Review

2017 In Review: Day 14 – Album Of The Year

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2017 In Review

1. Prelude (Best Album Art)
2. R&B and Soul
3. Rock and Alternative
4. Rap and Hip-hop
5. Dance and Electronic
6. Pop and Ballad
7. Folk and Country
8. Jazz and Blues
9. Crossover and Other
10. Best Collaborative Work
11. Rookie Artist of the Year
12. Artist of the Year
13. Song of the Year
14. Album of the Year
15. Other Recognition
16. Concluding Remarks

We wrap up the general categories today with what I consider to be the most important distinction – the Albums of the Year. We may be living in the era of digital singles, but nothing beats sitting down with a proper, coherent, fleshed-out LP (or EP, in two cases below). The following painstaking labors of love offered some of 2017’s best experiences in that regard.

Again, no honorable mentions today. Also note that the “First Ten Out” have a rank ordering today, unlike the other categories.

Album of the Year 2017

Sister’s Barbershop – 홀로 있는 사람들 (People Who Stay Alone)

Produced by Sister’s Barbershop

Sister’s Barbershop is dutiful and matter-of-fact in its sixth and parting album, in presenting People Who Stay Alone‘s stories of loneliness, insecurity, and sorrow. Lee Suk-won’s lyrics are uniquely empathetic, written in a style that often seems to cry out to a void rather than to someone in particular, even when there is an addressee. Through regrets and resolutions (kept or not), these narrators live on the best that they can. Lee Suk-won and Lee Neung-ryong are nimble in adapting their characteristically inventive-yet-accessible melodies to different sound sets; the result is a panel of striking songs, like the danceable yet inexplicably melancholy (and our Best Rock Song 2017) “Shake Your Body Move Your Mind” and its friends, or the ponderously swinging “Sun Shines Over the Window”. At the end of the journey, in quietly bright synth-pop “People Who Stay Alone”, Lee wryly admits disillusion at life (“I’m not the person this world wanted / But this world isn’t the place I wanted, either”) and in a person (“All my dreams towards you broken, and I was left again”). But after all that, he reaches back out to the person, wanting to sing a song together for as long as they can. In the final track “Dancing Alone”, the wish is followed by an earnest vision of a day when “everyone can shake their bodies, sing, dance together”. It’s hope, then, answering the album’s solitude; hope, that completes the 23-year career of one of the greats of indie.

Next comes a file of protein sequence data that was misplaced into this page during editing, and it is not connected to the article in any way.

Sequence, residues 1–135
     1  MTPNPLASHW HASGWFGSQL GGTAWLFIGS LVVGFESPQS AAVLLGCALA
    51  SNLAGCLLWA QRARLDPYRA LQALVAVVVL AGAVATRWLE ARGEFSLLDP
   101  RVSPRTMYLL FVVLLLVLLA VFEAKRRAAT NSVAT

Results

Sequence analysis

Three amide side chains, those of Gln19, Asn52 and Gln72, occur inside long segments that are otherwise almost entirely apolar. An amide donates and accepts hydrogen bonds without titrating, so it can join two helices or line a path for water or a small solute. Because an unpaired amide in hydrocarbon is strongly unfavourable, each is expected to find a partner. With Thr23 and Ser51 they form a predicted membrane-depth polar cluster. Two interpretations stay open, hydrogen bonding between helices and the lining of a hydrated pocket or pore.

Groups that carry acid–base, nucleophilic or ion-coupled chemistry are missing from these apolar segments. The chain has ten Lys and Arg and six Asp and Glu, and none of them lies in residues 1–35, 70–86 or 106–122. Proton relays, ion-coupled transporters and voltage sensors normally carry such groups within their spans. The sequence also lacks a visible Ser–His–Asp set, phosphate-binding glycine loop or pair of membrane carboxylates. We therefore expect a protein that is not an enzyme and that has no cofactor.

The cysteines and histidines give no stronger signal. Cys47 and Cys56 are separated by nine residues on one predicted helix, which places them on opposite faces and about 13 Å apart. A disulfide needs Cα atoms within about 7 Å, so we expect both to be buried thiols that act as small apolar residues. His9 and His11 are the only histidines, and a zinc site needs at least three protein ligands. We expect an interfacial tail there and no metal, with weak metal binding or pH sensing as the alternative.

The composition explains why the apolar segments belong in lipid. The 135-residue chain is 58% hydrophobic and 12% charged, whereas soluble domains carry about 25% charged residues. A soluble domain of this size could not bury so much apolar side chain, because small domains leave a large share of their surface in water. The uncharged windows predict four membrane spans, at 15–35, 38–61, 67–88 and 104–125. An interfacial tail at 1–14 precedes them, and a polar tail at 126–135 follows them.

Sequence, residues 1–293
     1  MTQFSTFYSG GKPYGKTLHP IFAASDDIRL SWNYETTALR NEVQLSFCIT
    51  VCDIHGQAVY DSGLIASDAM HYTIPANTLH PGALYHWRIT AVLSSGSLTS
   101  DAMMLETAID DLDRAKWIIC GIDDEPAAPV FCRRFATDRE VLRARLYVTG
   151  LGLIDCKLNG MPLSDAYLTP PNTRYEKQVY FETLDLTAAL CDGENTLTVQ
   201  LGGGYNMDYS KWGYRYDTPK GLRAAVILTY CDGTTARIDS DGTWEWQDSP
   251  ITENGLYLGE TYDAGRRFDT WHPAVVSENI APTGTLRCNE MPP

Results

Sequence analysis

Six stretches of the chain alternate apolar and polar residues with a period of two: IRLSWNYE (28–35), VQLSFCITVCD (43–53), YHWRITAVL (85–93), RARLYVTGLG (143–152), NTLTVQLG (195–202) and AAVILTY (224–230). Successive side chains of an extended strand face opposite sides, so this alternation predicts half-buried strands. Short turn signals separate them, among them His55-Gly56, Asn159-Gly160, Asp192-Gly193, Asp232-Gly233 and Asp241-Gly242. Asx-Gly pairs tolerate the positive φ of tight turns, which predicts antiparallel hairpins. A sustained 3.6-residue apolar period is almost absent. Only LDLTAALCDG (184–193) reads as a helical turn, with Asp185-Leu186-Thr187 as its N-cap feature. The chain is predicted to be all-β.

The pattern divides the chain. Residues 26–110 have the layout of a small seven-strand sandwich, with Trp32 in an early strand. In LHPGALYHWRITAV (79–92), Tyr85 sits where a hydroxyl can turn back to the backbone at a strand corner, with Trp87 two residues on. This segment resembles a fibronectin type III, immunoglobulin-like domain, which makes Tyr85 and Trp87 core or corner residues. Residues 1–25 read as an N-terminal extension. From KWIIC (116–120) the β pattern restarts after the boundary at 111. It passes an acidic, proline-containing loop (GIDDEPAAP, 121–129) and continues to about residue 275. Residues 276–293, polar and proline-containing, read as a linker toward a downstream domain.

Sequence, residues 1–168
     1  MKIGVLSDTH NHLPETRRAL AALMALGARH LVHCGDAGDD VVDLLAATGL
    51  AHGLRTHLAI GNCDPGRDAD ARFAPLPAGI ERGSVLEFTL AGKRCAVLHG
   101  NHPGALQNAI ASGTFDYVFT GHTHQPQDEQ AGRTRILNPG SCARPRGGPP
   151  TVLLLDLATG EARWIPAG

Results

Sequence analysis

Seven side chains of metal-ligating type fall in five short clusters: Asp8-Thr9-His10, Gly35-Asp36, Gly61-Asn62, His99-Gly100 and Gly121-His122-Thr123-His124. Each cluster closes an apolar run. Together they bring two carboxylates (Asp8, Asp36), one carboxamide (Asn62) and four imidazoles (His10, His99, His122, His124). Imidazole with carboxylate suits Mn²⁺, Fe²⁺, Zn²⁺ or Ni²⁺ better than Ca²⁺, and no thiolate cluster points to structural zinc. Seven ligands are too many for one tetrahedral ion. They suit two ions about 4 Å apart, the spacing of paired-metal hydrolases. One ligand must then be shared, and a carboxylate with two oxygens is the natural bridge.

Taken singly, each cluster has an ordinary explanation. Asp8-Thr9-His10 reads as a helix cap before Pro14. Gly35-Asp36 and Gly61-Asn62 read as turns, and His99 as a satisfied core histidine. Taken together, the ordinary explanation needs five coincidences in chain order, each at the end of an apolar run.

Runner-up Album of the Year 2017

Han Seung-seok & Jung Jaeil – 끝내 바다에 (And There, the Sea at Last)

Composed by Han Seung-seok and Jung Jaeil; arranged by Jung Jaeil; written by Han Seung-seok, Oh Joo-seok, Sa Sung-ku, Won Gi-joong